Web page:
Nearly all our efforts to date were to become a strong category 1 plant, and then grow to a category 3 plant once we showed results. This case study indicated we could get 20 times the results by adding problem solving and focusing on condition monitoring. This was just what I was looking for; how did I miss this?
With great enthusiasm, I gathered the team to discuss the finding. It is not entirely accurate that we were doing no problem solving at our plant, but it was not a top five focus. Our unwritten priorities were:
- restoring flow by excelling at emergency work
- cost control, overtime, and headcount reduction
- production requests (whatever they may be)
- leadership requests (whatever they may be)
- planned work completion (example: PM compliance)
- condition monitoring
- root cause problem solving
The hours dedicated to each of these priorities dramatically decreased the further on the list you progressed. Reading page 220 and this priority listing made our problem and solution obvious.
With this new knowledge, our leadership made strategic changes to greatly increase our priority on root cause and condition monitoring.
- We created OEE Teams (overall equipment effectiveness) in each major area. These groups focused on solving historical problems and trends with data.
- Engineering was reorganized to create two full-time reliability engineers.
- We increased the size of our condition monitoring team immediately from 2 to 4 and later to 6 and finally 8. These were highly skilled and high motivated technicians already thinking about root cause through early detection of defects. Further, these resources were not allowed to be pulled into emergency work without plant manager approval. Observation revealed they were only spending 30% of their time on planned condition monitoring work.
- We separated work crews into planned and unplanned work teams. These planned teams were able to focus not only on completing the planned work, but on how to improve equipment maintenance plans and work efficiency.
- We created a recognition system for technicians who offered improvement ideas. This ranged from celebration meals to gift cards to handwritten cards to employees’ homes detailing the impact of their ideas and skills. The latter was a massive motivator.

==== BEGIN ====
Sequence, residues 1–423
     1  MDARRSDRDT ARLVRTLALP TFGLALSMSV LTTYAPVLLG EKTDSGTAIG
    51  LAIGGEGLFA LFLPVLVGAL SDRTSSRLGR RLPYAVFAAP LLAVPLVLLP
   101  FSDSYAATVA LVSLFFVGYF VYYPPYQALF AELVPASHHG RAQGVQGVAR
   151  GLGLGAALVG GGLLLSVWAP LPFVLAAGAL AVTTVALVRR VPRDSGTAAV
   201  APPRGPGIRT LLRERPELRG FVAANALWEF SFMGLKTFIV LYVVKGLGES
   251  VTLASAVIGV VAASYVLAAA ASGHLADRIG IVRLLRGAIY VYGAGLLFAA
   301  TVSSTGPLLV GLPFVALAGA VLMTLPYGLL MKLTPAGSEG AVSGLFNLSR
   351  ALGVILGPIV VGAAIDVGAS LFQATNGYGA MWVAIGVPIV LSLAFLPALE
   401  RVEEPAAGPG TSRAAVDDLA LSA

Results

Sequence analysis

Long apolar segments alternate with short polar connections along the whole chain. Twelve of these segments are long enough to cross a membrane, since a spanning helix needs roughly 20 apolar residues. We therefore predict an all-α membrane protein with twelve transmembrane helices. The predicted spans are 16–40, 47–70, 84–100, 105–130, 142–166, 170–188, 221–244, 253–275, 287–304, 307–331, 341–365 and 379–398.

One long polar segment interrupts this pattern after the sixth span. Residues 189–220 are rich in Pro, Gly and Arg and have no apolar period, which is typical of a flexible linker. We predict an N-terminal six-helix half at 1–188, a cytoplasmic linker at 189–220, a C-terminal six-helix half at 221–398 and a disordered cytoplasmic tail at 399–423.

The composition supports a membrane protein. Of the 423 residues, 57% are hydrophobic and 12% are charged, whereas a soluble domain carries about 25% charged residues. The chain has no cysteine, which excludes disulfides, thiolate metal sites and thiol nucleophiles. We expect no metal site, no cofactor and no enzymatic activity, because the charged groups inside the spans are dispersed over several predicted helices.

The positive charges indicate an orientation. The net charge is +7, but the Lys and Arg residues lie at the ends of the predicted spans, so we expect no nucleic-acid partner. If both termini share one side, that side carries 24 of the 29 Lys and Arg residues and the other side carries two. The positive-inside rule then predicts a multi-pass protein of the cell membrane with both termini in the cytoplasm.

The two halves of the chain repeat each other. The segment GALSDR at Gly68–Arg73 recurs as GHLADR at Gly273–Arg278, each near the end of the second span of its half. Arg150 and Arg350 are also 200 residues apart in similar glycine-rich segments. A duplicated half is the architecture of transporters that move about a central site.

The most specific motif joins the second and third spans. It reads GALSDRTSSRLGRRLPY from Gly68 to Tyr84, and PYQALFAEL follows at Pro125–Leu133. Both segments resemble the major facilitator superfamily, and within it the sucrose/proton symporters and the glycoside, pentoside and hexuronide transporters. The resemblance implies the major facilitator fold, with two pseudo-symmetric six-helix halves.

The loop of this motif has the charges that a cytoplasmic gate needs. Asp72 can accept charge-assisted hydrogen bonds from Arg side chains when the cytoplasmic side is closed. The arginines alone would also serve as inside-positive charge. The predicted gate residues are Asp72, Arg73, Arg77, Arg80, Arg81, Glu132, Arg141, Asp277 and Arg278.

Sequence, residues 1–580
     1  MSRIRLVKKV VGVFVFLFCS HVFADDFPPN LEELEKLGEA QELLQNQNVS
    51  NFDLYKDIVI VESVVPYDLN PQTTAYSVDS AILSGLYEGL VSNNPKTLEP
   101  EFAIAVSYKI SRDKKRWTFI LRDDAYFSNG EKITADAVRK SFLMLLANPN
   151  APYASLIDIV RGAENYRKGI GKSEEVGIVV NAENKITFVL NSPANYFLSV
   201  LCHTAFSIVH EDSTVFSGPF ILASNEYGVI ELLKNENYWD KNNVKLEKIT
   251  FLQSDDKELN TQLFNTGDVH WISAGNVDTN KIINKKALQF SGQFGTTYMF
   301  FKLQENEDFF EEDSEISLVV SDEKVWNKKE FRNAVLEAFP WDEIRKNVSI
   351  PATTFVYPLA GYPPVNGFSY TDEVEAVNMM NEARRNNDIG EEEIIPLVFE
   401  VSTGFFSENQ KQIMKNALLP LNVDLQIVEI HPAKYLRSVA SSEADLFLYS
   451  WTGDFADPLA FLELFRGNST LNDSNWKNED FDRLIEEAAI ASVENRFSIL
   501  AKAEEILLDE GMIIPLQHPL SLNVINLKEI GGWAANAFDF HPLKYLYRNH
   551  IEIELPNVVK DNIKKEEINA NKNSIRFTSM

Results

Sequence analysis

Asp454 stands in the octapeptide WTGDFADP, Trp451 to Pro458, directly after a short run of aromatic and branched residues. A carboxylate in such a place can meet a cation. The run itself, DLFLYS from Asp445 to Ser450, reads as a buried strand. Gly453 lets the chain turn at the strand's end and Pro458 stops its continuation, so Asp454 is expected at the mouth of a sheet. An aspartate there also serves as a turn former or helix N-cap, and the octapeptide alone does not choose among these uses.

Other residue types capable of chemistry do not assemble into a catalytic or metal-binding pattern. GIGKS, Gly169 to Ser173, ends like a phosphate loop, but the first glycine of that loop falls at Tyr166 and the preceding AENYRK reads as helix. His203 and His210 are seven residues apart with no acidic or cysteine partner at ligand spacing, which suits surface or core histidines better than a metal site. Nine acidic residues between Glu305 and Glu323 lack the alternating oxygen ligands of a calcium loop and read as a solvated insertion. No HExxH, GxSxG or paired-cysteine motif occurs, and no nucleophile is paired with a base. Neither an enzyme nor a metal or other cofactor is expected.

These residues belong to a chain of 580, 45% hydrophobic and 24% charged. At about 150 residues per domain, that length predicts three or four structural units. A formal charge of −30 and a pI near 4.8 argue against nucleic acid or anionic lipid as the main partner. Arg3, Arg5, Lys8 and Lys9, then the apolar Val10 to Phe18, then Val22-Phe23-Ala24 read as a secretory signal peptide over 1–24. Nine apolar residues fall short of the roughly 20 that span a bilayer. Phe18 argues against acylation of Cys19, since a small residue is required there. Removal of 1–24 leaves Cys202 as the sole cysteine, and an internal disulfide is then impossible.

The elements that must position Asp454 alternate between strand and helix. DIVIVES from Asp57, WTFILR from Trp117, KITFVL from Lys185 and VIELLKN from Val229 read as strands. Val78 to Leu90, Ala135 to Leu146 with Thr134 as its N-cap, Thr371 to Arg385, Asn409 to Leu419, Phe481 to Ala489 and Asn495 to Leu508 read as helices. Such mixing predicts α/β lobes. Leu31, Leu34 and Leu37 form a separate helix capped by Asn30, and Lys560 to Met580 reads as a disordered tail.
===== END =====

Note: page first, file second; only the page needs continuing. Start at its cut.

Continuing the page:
Note: These changes were made without adding headcount and spending dollars.
Within few months our results were quietly beginning to materialize. We went from 500 unplanned work orders a week to 400, then 300 and even down to 200. Everyone knew something was different. We moved from a weekly crisis to biweekly and then monthly. Within a year every department realized giant leaps in performance with the bottleneck asset improving from 37% uptime to 78% (that is an improvement of 111%). Plantwide costs dropped by 42% in year three. Employee engagement catapulted from 37% to 89%, which was the highest in the company. Safety also improved due to marked decrease in unplanned work. (Note: Due to the continuous process of smelting aluminum, no production volume improvement was possible.)
Actions you can take on Monday
- Buy Ron Moore’s book. Read and understand page 220.
- Assemble your leadership team and have a candid discussion about the priorities in your plant.
i. Are the daily actions of the team aligned with a category 4 plant? Use data from the last month to prove your case. (Note: I do not recommend a progression through category 1, 2, then 3 plants. This will take too much time and sponsorship will be lost.)
ii. Do you have a problem-solving system that involves everyone?
iii. Excuse 1: Are you waiting to get caught up on unplanned work to progress to a category 4 plant? Take it from me, this will never happen without planned work and problem solving. Start now.
iv. Excuse 2: Are you waiting for get fully staffed to begin your transformation to a category 4 plant? Again, this will never happen. Start now.
v. Excuse 3: Money – what actions can you take with zero investment?
- Make the necessary changes.